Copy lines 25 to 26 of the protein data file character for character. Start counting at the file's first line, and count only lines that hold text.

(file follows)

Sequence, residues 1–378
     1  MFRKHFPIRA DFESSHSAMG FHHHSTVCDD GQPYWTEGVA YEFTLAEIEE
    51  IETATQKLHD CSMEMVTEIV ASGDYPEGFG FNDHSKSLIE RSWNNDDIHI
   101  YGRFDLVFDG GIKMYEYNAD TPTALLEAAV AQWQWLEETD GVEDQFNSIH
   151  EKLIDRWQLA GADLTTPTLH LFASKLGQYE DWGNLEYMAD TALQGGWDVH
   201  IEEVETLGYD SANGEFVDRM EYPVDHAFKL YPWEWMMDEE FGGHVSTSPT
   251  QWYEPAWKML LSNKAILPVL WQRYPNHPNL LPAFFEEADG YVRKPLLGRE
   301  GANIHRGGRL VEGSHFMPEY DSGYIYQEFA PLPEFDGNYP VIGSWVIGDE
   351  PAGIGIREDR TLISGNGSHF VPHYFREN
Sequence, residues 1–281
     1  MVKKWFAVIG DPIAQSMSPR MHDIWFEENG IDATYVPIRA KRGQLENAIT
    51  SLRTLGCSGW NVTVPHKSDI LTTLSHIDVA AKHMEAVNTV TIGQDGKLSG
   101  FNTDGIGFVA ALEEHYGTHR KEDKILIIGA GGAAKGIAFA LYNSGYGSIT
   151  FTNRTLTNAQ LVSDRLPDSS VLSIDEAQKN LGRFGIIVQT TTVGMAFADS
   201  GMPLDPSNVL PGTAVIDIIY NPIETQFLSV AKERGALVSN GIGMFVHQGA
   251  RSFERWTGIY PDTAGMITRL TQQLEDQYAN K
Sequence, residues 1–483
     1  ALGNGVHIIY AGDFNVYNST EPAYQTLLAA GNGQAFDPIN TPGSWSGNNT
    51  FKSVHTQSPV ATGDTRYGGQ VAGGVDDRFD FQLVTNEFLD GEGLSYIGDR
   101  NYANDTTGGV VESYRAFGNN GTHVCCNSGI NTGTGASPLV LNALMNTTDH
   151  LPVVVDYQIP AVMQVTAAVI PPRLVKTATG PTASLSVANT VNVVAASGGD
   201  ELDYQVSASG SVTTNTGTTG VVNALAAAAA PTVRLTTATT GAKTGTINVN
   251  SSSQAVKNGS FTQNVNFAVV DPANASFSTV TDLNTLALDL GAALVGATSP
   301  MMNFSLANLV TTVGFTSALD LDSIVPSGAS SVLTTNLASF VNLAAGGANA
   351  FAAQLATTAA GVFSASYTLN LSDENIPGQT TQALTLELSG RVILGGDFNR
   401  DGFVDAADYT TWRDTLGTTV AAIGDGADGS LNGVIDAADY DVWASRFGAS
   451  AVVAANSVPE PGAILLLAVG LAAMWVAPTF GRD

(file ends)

   351  FAAQLATTAA GVFSASYTLN LSDENIPGQT TQALTLELSG RVILGGDFNR
   401  DGFVDAADYT TWRDTLGTTV AAIGDGADGS LNGVIDAADY DVWASRFGAS